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Phuket Gazette World News: Syria rebels breach Homs; Pope vote begins; PNG quake; China land protests; Khmer war crimes

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Phuket Gazette World News: Syria rebels breach Homs; Pope vote begins; PNG quake; China land protests; Khmer war crimes | The Thaiger
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PHUKET MEDIA WATCH

– World news compiled by Gazette editors for Phuket’s international community

Syrian rebels pierce Assad’s siege lines in Homs – opposition
Reuters / Phuket Gazette

PHUKET:Syrian rebels broke through government lines to ease a siege of their positions in the strategic central city of Homs yesterday despite coming under fierce aerial bombardment, opposition campaigners said.

The communally mixed city of Sunni Muslims and Alawites, the minority sect that has dominated Syria since the 1960s, has emerged as a major battleground in the two-year-old uprising against President Bashar al-Assad. The bloodshed has claimed about 70,000 lives so far, according to the United Nations.

Homs, 140km north of Damascus in central Syria, lies on a vital road juncture linking army bases on the Mediterranean coast, home to a large proportion of Assad’s Alawites, and government forces in the capital Damascus.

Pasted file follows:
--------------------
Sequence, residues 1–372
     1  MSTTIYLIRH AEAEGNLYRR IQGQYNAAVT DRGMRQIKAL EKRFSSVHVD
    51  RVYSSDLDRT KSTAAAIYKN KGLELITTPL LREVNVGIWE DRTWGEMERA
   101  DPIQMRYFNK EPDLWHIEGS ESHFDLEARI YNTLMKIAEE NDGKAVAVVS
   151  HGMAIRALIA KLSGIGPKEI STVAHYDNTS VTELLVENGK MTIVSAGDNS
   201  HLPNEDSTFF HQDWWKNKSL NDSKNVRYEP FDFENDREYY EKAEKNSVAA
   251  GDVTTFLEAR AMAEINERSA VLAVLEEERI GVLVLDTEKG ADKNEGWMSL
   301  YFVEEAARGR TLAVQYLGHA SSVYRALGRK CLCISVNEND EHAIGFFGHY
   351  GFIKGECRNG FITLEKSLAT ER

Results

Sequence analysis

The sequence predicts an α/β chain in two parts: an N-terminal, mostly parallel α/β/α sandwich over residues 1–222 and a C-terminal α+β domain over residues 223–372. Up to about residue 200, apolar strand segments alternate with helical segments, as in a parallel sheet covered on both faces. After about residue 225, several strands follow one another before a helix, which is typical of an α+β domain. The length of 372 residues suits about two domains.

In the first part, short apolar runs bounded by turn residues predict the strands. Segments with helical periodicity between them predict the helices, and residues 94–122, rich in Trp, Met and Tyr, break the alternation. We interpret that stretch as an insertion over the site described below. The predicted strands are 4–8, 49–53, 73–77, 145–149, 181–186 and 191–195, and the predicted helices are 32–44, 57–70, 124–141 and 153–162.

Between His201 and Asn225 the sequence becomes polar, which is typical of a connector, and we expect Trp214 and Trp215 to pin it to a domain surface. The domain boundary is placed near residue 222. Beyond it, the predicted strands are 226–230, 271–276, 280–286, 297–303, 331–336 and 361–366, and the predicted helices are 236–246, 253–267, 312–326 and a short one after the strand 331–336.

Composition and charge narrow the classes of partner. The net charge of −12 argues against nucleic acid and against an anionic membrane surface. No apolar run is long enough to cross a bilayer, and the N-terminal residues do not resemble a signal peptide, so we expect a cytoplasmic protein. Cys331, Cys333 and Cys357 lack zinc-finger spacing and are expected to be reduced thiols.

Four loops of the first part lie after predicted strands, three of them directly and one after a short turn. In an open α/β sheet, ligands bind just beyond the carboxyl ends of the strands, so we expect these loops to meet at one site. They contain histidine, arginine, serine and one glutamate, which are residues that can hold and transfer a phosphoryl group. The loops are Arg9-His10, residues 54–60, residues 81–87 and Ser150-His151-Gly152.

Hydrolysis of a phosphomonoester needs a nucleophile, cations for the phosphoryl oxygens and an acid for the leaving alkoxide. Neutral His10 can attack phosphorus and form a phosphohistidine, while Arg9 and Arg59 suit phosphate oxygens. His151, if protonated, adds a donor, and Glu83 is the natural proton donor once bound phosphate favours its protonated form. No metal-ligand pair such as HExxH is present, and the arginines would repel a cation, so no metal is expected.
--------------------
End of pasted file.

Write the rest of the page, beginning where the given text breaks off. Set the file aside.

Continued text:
In a counter-offensive, Sunni rebels punched their way through government lines in the north and west to loosen a months-long army siege on their strongholds in the centre of the Syria’s third biggest city, opposition sources said.

Insurgents based in the provinces of Hama and Idlib advanced on Homs over the weekend from the north while brigades from rural Homs attacked government positions in its Baba Amro district.

This area was overrun by the army after a long siege a year ago and subsequently visited by Assad.

The Syrian state news agency said “a unit of our brave army engaged with an armed terrorist group that had tried to infiltrate Baba Amro … and killed and wounded several of its members.”

Abu Imad, an opposition activist, said the sound of aerial bombardment on Baba Amro in western Homs shook the city.

“This situation is muddled in the whole of Homs, but what is certain is that the regime is busy trying to repel rebel brigades who have broken into Baba Amro from its rural surroundings,” he said.

Both sides have taken heavy casualties since the army went on the offensive 10 days ago to take the central districts of Khalidya, al-Qusour and Old Homs, where rebel brigades have been dug in for months, according to opposition military sources.

Rebels repulsed several army attempts to take Khalidya with infantry in the last 10 days and dozens from both sides have been killed, the sources said.

Assad, fighting to maintain his family’s four-decade-old grip on Syria, appears to be focusing his military campaign on holding the main cities, along a highway axis running north of Homs to Hama and Aleppo and south to Damascus and Deraa, according to opposition sources.